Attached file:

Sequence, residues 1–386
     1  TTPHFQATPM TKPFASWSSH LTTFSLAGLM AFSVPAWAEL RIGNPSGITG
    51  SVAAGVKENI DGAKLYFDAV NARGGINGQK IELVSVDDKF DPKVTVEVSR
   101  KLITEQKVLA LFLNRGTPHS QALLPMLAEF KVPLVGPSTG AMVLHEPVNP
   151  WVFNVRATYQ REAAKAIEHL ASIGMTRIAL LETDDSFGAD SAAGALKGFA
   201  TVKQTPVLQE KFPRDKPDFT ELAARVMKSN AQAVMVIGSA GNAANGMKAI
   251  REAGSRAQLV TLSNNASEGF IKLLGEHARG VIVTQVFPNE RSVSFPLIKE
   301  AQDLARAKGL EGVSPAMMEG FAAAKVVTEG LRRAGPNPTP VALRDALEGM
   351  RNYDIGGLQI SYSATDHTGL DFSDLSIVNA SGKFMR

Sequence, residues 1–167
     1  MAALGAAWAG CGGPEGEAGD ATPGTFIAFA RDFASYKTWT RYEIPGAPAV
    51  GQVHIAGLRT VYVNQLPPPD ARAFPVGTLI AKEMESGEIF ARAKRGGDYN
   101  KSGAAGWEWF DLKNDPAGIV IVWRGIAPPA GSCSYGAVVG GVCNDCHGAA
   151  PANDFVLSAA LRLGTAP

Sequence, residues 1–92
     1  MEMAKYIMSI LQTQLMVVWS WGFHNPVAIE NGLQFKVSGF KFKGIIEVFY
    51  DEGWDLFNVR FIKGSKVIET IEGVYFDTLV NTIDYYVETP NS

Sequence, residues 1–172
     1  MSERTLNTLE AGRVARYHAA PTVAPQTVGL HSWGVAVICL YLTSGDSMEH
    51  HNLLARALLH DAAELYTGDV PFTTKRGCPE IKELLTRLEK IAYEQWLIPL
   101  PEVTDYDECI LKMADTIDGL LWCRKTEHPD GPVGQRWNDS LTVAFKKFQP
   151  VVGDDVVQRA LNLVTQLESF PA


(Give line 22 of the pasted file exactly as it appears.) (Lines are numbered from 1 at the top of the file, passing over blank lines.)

   151  VVGDDVVQRA LNLVTQLESF PA